Human Rights Council
29 March 2017
Michelle Bachelet, the President of Chile, this morning addressed a special meeting of the Human Rights Council, saying that Chile had made a commitment to head an initiative against torture that brought together countries from every continent for the purpose of preventing this crime from occurring and promoting the ratification of international instruments related to torture.
The President of the Council, Ambassador Joaquin Alexander Maza Martelli of El Salvador, said this special meeting had been convened on the occasion of the visit of Michelle Bachelet, President of Chile.
Zeid Ra’ad Al Hussein, United Nations High Commissioner for Human Rights, in a video message, said Chile had long been a strong human rights advocate at the international stage. Chile had made great strides since the end of the dictatorship, but too many families still did not know the truth about what happened to their loved ones. The right to truth for victims of gross human rights violations was inalienable. Any potential measure of pardon or early release for perpetrators must be carefully considered in light of human rights law. The Chilean Government had also launched a participatory process towards adoption of a new Constitution, including a specific mechanism for the participation of indigenous peoples. This was commendable as generations of discrimination had created deep-felt injustice and inequality. Proper recognition and a meaningful dialogue were essential, particularly in La Araucania region, where the Office of the High Commissioner for Human Rights was concerned about reports of excessive use of force and other abuses against members of indigenous groups.
In her statement, President Bachelet said that ensuring peace and security was a central task in constructing a free and prosperous world. Human rights were the pillar that sustained the core purpose of the United Nations. Attaining peace, security and sustainable development for societies required that people were placed, with their dignity and their rights, at the centre of policies and decision-making processes. In order to understand and address the challenges that affected human rights, they must focus on determining the roots of the threats that swirled around them. They had to listen to the uneasiness of citizens, resulting from their disappointment in the unfulfilled promise of development, for which they had worked so hard. They must put an end to discrimination and create opportunities for women. Two obligations must be met: promoting gender equality and empowering women and girls. This meant eliminating everywhere all forms of discrimination against women and girls, all forms of violence and harmful practices in both public and private arenas.
The President of Chile said that no country, regardless of how powerful it was, was immune to these problems, and they could not be resolved by building walls, either real or metaphorical. The Human Rights Council not only had a moral imperative, but also a mandate to promote these ideals. Given current circumstances, they must undertake renewed efforts to enter into dialogue and reach a consensus on their work. They could make progress towards fully achieving the goal of respect for human rights, willingly and without losing respect for their differences and uniqueness. The Human Rights Council had a responsibility to speak out against every instance of human rights violations, regardless of sex, gender, identity, gender expression, sexual orientation, or ethnicity, culture or religion, irrespective of the type of political regime in each country. Preventive actions were important tools available to multilateral diplomacy and the Council must strengthen its mechanisms so that it could respond to early warnings of crises in the rule of law and in institutions. Justice and accountability were just as important as preventive actions.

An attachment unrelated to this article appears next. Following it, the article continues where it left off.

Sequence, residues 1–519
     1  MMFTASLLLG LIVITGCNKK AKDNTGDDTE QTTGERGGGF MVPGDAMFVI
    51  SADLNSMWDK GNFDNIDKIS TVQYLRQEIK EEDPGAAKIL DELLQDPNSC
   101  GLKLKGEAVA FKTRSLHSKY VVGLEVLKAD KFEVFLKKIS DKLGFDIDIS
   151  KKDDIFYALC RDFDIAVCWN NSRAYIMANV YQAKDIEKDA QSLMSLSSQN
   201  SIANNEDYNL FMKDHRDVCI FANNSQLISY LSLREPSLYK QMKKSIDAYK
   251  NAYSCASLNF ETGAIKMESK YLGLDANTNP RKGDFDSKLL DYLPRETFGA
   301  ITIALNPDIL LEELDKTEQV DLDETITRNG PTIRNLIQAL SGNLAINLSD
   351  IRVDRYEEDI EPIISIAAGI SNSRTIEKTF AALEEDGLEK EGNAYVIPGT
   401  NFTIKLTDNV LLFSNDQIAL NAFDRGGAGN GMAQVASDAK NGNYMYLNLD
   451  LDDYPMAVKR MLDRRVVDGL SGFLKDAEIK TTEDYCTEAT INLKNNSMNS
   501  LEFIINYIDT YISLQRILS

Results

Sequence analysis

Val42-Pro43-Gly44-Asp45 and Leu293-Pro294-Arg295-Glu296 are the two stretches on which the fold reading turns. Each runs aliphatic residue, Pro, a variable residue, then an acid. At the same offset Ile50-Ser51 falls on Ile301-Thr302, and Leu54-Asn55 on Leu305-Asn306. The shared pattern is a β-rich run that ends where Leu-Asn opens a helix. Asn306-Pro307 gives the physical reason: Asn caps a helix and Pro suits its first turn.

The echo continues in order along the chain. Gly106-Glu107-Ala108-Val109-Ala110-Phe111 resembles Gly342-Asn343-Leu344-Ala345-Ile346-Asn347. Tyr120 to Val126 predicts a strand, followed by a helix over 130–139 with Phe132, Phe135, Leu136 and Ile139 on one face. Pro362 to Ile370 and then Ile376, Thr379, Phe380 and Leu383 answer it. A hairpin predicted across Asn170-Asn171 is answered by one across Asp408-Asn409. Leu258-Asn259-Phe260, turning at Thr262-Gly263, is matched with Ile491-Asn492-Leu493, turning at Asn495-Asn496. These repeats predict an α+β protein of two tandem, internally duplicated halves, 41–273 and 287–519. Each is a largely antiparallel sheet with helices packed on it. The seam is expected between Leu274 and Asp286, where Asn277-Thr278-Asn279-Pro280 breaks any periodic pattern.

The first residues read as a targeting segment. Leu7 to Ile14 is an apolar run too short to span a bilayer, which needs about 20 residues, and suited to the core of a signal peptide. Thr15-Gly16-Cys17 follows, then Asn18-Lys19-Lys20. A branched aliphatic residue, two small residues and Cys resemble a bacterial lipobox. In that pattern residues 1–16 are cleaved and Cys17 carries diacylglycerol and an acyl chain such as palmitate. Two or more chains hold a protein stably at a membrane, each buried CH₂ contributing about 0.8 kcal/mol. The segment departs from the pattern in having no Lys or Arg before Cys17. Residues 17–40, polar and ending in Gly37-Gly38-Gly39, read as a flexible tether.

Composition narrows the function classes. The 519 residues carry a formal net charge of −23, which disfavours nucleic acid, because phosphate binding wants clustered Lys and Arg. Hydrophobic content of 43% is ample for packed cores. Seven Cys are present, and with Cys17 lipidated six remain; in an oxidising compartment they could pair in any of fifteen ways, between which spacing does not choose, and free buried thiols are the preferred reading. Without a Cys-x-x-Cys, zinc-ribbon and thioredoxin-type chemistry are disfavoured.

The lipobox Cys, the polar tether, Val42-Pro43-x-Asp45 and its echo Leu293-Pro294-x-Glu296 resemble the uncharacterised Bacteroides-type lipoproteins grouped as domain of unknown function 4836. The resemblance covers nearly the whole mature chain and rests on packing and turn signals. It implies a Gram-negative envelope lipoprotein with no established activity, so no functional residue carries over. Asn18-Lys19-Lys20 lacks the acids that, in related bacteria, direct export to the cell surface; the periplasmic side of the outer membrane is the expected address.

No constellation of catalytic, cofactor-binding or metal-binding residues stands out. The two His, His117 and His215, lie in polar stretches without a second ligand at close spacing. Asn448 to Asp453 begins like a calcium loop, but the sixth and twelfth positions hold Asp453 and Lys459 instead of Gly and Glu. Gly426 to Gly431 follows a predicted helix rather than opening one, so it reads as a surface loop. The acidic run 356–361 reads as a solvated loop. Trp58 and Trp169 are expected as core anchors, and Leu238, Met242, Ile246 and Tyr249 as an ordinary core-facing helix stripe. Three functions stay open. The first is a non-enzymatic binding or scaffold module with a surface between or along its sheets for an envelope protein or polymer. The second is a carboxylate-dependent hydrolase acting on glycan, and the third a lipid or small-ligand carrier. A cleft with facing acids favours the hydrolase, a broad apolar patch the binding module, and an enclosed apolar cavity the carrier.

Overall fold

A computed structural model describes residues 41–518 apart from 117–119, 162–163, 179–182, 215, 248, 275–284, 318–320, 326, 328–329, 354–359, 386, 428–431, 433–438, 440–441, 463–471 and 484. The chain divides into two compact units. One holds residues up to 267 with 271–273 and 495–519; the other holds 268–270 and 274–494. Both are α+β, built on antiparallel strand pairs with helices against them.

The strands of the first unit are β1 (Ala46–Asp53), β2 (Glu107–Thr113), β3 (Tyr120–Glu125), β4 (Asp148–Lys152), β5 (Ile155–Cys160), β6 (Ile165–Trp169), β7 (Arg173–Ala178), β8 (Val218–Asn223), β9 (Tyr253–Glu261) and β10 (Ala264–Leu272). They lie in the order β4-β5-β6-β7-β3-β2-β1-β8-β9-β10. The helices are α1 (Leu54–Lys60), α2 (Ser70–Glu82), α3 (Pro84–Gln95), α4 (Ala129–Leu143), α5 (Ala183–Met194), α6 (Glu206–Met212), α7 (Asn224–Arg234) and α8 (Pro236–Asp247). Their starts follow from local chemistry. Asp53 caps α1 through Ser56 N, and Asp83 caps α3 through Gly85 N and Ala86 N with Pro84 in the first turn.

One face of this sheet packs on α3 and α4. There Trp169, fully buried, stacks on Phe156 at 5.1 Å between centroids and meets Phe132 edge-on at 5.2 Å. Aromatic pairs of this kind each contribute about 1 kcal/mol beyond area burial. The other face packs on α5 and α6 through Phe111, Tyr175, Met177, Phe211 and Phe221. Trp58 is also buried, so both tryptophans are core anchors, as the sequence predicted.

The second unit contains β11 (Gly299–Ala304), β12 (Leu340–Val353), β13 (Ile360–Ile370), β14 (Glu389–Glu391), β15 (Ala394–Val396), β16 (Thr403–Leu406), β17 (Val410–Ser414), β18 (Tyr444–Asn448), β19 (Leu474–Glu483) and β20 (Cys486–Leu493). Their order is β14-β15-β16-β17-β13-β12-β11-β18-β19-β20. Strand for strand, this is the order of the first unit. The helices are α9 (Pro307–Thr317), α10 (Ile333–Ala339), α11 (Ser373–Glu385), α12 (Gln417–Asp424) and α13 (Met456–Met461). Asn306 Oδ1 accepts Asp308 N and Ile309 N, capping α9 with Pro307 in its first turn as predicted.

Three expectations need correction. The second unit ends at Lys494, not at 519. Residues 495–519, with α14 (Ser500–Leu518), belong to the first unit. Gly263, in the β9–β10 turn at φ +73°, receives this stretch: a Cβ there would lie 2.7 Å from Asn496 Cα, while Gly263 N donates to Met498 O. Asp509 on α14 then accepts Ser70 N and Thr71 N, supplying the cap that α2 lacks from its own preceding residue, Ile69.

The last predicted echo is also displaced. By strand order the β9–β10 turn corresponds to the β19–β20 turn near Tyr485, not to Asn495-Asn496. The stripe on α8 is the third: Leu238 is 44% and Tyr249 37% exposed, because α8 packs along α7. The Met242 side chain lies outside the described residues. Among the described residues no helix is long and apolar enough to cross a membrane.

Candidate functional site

Ms. Bachelet said that Chile had made a commitment to head an initiative against torture which brought together countries from every continent for the purpose of preventing this crime from occurring and promoting ratification of international instruments related to the issue. After having received numerous recommendations, Chile in November 2016 had enacted a modification to the Penal Code that defined the crime of torture according to three categories: physical, psychological and sexual violence. The Government was also working on efforts to present a bill that would create a national preventative mechanism against torture within the national human rights institution. Simultaneously, Chile was working on policies that promoted inclusiveness, multicultural education and fair labour. In order to meet the lofty goals that she had been speaking about, the President said that it was essential that they find a way to increase the 3 per cent of the regular budget that the United Nations currently allocated to the human rights agenda.
In closing, the President of Chile said that it was important to preserve the essence of the Council and to prevent it from being used for alternative purposes by any State. All countries were responsible for ensuring that the international system worked as it was supposed to. Chile was a determined supporter of the rights of individuals. As part of its quest to promote these rights, Chile sought to be re-elected to the Council for the 2018-2020 term and asked all countries, members and observers, to give Chile their vote of confidence.
For use of the information media; not an official record
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